ASEAN Member States Maneuver to Unravel the South China Sea Dispute
On Monday, Chinese delegate agreed on further talks on the disputed South China Sea with their counterparts at the meeting of Association of Southeast Asian Nations, also known as ASEAN. ASEAN member states, such as Philippines, Malaysia, Brunei, and Vietnam, have overlapping claims with China over parts of the South China Sea.
Signed in 2002, the Declaration on the Conduct of Parties in the South China Sea is a nonbinding agreement reached between ASEAN member states and China, which initiates solutions on peaceful exchanges on overlapping territorial claims. Ever since, China is criticized in violating the agreement by building artificial islands, exploring energy resources, and conducting military exercises in the region.
The ASEAN member states had shown little enthusiasm in bringing up the matter to the Chinese delegation. China being an economic hegemon in the region, it seems that ASEAN member states anticipate retaliation from pressing China on the matter.
And on Sunday, President Rodrigo Duterte of the Philippines said, “the South China Sea is better left untouched, nobody can afford to go to war.” Moreover, he reassured Premier Li Keqiang in a bilateral talk that he would not bring up the matter in ASEAN negotiations.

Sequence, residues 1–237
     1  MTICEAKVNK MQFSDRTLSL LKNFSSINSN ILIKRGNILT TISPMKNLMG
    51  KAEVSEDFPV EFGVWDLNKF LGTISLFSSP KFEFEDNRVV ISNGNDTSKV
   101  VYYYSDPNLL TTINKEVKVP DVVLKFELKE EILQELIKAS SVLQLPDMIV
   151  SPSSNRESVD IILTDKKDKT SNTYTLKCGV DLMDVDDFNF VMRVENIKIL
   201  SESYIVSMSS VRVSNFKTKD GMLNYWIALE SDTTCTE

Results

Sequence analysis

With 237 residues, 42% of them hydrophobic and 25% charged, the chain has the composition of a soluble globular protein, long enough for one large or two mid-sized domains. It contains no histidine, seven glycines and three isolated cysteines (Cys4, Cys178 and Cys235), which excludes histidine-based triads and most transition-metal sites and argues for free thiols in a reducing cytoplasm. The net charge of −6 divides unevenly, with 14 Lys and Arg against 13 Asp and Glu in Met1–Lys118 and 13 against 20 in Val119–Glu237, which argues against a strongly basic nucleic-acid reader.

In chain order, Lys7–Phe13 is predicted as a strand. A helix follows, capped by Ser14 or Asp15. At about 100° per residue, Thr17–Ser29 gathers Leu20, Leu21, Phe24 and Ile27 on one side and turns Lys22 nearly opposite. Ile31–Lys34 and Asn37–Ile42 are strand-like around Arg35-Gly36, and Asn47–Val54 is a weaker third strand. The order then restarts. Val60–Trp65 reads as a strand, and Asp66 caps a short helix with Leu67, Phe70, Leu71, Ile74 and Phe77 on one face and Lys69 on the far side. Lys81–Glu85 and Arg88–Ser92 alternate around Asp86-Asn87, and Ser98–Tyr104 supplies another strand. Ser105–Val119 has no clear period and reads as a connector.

Several leaders have consulted US President Trump on the matter, while Chinese delegates expressed concern on the role of US. A spokesperson for the Chinese foreign ministry told reporters, “we hope that countries outside the region respect the efforts made by regional countries to maintain peace and stability in the South China Sea and play a constructive role in this regard.”
Trump has also offered to be a mediator on the issue during a bilateral talk with Vietnamese President Tran Das Quang. Having recently focused on the nuclear problems in North Korea, it could be assessed that US is losing foothold in the South China Sea. Nevertheless, US would only enter the negotiation as a mediator.
Meanwhile, US Secretary of State, Rex Tillerson, indicated that the State Department would continue the Obama Administration’s policy in conducting military exercises in the South China Sea.
Premier Li had expressed its objective to lead the new negotiation: “China’s greatest hope is for peace and stability in the South China Sea.” On Tuesday, eighteen countries have raised the issue, in addition to several that called for demilitarization of South China Sea.
The latest negotiation aims to establish a code of conduct framework, and seeks to advance the 2002 Declaration on the Conduct of Parties in the South China Sea. However, critics have already argued that the negotiation will take years. Moreover, it is unclear as to whether or not the new agreement would be legally binding.